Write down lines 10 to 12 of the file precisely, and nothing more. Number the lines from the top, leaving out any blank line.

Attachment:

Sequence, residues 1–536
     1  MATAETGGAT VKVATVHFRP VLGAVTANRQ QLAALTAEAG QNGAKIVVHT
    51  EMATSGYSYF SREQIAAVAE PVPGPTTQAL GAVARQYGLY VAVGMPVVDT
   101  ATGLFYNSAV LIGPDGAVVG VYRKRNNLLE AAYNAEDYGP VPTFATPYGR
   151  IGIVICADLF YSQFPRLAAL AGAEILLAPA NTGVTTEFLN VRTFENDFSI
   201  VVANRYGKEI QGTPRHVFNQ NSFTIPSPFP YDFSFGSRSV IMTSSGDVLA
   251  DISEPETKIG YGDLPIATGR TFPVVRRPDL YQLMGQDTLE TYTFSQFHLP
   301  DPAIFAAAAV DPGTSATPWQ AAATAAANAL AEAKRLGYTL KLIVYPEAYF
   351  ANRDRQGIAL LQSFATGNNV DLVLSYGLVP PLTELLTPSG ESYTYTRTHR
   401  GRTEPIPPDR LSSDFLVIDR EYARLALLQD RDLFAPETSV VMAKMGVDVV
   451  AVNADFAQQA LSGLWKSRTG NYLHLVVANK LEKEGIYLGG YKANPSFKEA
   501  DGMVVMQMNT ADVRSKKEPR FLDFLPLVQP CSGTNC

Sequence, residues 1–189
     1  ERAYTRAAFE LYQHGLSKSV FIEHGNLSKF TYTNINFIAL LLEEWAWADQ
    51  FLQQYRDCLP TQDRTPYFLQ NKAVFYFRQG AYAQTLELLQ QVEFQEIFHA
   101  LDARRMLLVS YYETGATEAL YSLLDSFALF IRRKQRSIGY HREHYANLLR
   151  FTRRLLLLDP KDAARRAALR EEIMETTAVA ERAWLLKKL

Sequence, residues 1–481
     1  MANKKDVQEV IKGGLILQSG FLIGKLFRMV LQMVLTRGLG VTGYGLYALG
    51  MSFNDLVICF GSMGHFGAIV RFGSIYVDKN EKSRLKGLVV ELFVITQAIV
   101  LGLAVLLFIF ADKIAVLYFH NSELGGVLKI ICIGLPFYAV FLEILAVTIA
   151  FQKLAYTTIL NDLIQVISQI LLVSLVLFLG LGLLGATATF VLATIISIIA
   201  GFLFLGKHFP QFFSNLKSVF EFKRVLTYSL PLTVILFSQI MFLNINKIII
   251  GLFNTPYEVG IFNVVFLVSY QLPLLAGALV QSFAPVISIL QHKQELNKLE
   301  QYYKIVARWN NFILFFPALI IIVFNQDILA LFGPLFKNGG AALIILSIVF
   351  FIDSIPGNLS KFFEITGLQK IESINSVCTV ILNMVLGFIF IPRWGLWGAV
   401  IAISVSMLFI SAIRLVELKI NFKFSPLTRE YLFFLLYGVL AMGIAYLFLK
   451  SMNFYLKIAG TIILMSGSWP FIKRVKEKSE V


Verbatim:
   401  GRTEPIPPDR LSSDFLVIDR EYARLALLQD RDLFAPETSV VMAKMGVDVV
   451  AVNADFAQQA LSGLWKSRTG NYLHLVVANK LEKEGIYLGG YKANPSFKEA
   501  DGMVVMQMNT ADVRSKKEPR FLDFLPLVQP CSGTNC